Travis LeBlanc of Cooley (Courtesy photo) Travis LeBlanc of Cooley (Courtesy photo)

After about two years at Boies Schiller Flexner, Travis LeBlanc, former enforcement chief for the Federal Communications Commission, is heading to Cooley as the Silicon Valley-based firm continues to strengthen its East Coast litigation bench and build up its data privacy and cybersecurity prowess.

“Cooley has been a leader in cyber and data privacy for many, many years,” said LeBlanc, who joined Boies Schiller in early 2017.

LeBlanc, who joins the firm as a partner in its litigation practice, said his decision stemmed from a desire to work closely with technology companies on their cyber, data privacy and telecommunication matters.

“Having all three of those based in one platform that offers global services I think is a unique combination that recognizes and takes advantage of all the kinds of work that I do,” said LeBlanc, who will be based out of Cooley’s Washington, D.C., and San Francisco offices.

In 2014, LeBlanc was appointed chief of the FCC’s enforcement bureau, where he led hundreds of consumer protection, competition, compliance and fraud enforcement actions against companies including AT&T Inc., T-Mobile USA Inc. and Verizon Communications Inc.

Prior to joining the FCC, LeBlanc, a former Williams & Connolly and Keker & Van Nest associate, served as special assistant attorney general of California and senior adviser to then-Attorney General Kamala Harris, overseeing work on technology and privacy issues.

During his tenure with Harris, he helped negotiate a global agreement between Amazon.com Inc., Apple Inc., Facebook Inc., Google Inc., HP Inc., Microsoft Corp. and BlackBerry Ltd. to improve privacy protections in mobile apps at a time when most did not have them. He also worked to establish the first high-tech crime and privacy enforcement units in California.

“The Cooley platform, I think, is uniquely situated to offer those full services for startups and multinational companies that are already working in the future,” LeBlanc said of his new firm.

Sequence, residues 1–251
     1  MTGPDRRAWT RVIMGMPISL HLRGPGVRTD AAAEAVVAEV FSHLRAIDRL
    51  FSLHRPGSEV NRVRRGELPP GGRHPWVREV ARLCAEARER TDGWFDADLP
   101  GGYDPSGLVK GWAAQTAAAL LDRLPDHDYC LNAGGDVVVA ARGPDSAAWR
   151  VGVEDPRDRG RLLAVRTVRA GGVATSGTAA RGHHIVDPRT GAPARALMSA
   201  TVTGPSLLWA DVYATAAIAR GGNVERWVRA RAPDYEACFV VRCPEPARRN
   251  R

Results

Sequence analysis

The new year may also bring another new role for LeBlanc. A former attorney in the U.S. Department of Justice’s Office of Legal Counsel under the Obama administration, LeBlanc was nominated by the Trump administration in August to serve as one of five board members of the Privacy and Civil Liberties Oversight Board, an independent agency that provides oversight and advice on counterterrorism programs and activities of the U.S. government.

With the new Congress now in place, however, LeBlanc said he would have to be renominated along with the other PCLOB nominees that were not confirmed by the Senate. But he said he “remain[s] ready and willing to serve, whenever that is.”

“[LeBlanc] is the perfect home run for Cooley,” said Michael Attanasio, chair of the firm’s global litigation department, noting that LeBlanc’s addition furthers two strategic imperatives for the firm—to strengthen its core cyber, data and privacy practice and build out its East Coast litigation practice.

Over the last year, Cooley has made several key litigation hires up and down the East Coast.

Early last year, the firm’s D.C. office added Eric Kuwana, the former securities litigation and enforcement practice chair at Katten Muchin Rosenman. In July, Cooley brought on longtime Goldman Sachs Group Inc. in-house lawyer Jonathan Kim as a partner in its New York office.

A month later, the firm added Boies Schiller Flexner partner Philip Bowman to its litigation practice in New York.

“Our strategic priority is to continue to build a world-class global litigation practice,” Attanasio said. “We’ve already come very far in terms of the market recognition. … And, as far as I’m concerned and as far as our leadership is concerned, the sky’s the limit and the ability to recruit a partner like [LeBlanc] speaks to that.”